Senate passes resolution to overturn President Trump’s national emergency declaration
The Senate delivered a high-profile rebuke to President Donald Trump over his signature agenda issue Thursday when 12 Republicans joined Democrats to overturn the President’s national emergency border declaration.
The vote was 59-41, an overwhelming vote against the President’s executive action.
Lawmakers don’t have enough votes, however, to override a certain veto from the President, but passage of the resolution in the Senate after it passed the House last month is nevertheless an embarrassing blow to Trump delivered by his own party over the President’s top campaign pledge of a wall at the US-Mexico border.
“I have supported, and will continue to support, the president’s sensible efforts to secure the southern border. I backed his $5.7 billion request to build 234 miles of physical barriers at the ten most critical locations as determined by our border patrol, and voted last year for $25 billion in border security, including $18 billion specifically to build a physical barrier. But when I disagree with the president, I feel a responsibility to stand up and say so. For these reasons, I joined a bipartisan majority of my colleagues in voting to terminate the president’s national emergency declaration.”
The setback for the President also comes on the heels of another high-profile break with his administration after the Senate voted just one day earlier to curtail US military support for a Saudi-led war in Yemen, which has created a humanitarian crisis in that country.
Senate Republicans have struggled for weeks over how to vote on the resolution to overturn the national emergency.
The vote forced many to choose between loyalty to a President unafraid to attack members of his party who defy him and an emergency declaration that conservative critics describe as executive overreach and warn could set a precedent used by Democratic presidents to declare emergencies over liberal priorities such as action on climate change.
“Declaring a national emergency to access different funds sets a dangerous new precedent,” GOP Sen. Rob Portman of Ohio warned in remarks on the Senate floor ahead of the vote. “It opens the door for future presidents to implement just about any policy they want.”
The senator went on to say, “a future President could seize industries … a future President may well say that climate change is a national emergency and use emergency authorities to implement the Green New Deal,” referencing a sweeping progressive policy proposal to tackle global warming.
Senator Pat Toomey (R-Pa.) issued this statement after voting to terminate the president’s national emergency declaration:
“Well before the president declared this national emergency, I made clear that such a declaration was ill-advised. Our Constitution explicitly gives Congress the responsibility to determine how taxpayer money is used. The president’s emergency declaration undermines the fundamental constitutional principle of the separation of powers, and it sets a dangerous precedent that future presidents could use to advance controversial policies.”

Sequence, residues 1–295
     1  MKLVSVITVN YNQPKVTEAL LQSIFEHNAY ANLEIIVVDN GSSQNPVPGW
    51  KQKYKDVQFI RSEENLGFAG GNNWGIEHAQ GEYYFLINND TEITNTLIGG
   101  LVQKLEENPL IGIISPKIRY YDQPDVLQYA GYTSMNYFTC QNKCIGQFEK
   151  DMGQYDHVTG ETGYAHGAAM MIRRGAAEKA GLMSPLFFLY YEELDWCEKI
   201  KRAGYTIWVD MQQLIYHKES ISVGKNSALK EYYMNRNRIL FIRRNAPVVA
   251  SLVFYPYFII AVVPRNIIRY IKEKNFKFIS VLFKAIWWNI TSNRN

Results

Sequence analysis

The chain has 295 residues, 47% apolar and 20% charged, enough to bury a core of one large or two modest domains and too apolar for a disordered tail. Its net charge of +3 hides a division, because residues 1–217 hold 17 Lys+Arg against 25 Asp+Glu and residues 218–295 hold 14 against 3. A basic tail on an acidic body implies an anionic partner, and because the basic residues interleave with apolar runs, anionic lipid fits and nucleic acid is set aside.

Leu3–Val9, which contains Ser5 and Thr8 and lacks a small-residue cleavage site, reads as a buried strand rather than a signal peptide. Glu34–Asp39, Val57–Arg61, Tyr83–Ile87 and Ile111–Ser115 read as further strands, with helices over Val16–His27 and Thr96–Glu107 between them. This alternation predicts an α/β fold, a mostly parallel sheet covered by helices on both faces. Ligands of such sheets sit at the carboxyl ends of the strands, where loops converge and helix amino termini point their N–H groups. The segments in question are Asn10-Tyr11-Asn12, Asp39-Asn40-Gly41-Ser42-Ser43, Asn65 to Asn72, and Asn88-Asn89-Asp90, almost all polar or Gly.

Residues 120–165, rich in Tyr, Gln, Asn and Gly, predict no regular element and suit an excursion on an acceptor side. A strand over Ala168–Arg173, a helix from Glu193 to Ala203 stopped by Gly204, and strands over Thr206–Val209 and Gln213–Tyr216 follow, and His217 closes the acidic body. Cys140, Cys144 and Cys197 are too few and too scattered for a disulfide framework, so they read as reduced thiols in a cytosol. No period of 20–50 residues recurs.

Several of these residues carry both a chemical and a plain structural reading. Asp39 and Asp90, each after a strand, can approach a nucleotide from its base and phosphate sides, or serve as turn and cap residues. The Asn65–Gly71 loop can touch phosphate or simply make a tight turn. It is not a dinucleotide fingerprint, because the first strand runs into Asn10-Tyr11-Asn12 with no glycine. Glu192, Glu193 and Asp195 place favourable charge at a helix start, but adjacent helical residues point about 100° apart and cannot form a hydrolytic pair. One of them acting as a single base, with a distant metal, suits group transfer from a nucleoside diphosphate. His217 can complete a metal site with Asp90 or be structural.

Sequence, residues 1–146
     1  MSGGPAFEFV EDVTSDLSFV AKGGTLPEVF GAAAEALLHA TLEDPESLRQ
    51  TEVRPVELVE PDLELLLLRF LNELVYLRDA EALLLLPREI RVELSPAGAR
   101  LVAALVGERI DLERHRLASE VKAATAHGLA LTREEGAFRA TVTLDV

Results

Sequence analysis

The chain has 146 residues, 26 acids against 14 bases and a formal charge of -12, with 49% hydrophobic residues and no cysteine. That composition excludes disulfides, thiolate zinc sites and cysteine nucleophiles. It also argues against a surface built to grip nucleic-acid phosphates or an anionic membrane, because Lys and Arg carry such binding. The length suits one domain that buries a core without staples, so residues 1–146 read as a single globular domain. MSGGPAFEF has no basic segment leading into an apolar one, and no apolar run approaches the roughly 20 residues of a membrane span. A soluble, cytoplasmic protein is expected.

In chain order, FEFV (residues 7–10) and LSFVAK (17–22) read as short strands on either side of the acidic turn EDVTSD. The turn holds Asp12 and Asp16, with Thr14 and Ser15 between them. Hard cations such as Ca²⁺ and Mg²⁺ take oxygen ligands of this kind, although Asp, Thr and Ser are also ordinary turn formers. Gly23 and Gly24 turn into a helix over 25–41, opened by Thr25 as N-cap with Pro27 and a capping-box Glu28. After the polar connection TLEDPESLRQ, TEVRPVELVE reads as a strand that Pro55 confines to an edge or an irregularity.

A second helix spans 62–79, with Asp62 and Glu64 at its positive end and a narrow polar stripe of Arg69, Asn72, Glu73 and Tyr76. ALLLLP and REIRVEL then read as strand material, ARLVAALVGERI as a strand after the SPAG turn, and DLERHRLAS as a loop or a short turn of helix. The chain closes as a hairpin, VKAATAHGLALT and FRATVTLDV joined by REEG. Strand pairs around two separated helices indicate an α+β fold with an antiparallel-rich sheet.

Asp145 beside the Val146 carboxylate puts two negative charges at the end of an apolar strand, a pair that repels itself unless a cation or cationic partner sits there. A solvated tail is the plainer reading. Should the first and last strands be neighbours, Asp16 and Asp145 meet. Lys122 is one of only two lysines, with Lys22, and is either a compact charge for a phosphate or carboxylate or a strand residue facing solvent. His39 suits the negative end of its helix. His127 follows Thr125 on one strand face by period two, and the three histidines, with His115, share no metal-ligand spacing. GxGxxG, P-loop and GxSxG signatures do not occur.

Portman announced during his remarks that he would support the resolution, but made a point to say — as have many other Republicans — that he believes “President Trump is right about the crisis at the border.”
Republicans had to take a tough vote on the border declaration after House Democrats pushed for a resolution to terminate the national emergency that the President announced last month in an effort to unlock money for wall construction at the southern border.
The President declared an emergency when it became clear that Congress would not meet his demand for more than $5 billion in border wall funding. The resolution is privileged, which means that Senate Majority Leader Mitch McConnell could not block it from coming to the floor for a vote.
Enough Republican senators had already stated their support for the resolution ahead of Thursday’s vote to guarantee it would pass. But the President continued to publicly pressure Republicans to vote against the resolution in the hours leading up to the vote, framing the vote as a choice between supporting border security or siding with liberal Democrats on immigration.
A number of GOP senators announced ahead of the vote on Thursday that they would vote in favor of the resolution, including Mitt Romney, Lamar Alexander and Pat Toomey.
Prior to the day of the vote, GOP Senators Rand Paul, Lisa Murkowski, Susan Collins and Thom Tillis had said they planned to vote for the resolution.
In an apparent last-minute reversal, however, Tillis announced just ahead of the vote on Thursday that he would vote against the resolution, despite previously saying he would vote in favor in a Washington Post op-ed.
“Today, I come to the floor to say that I do not intend to vote for the resolution of disapproval,” the senator said, adding “The White House has been very gracious and I should say very patient given my initial position in working with us.”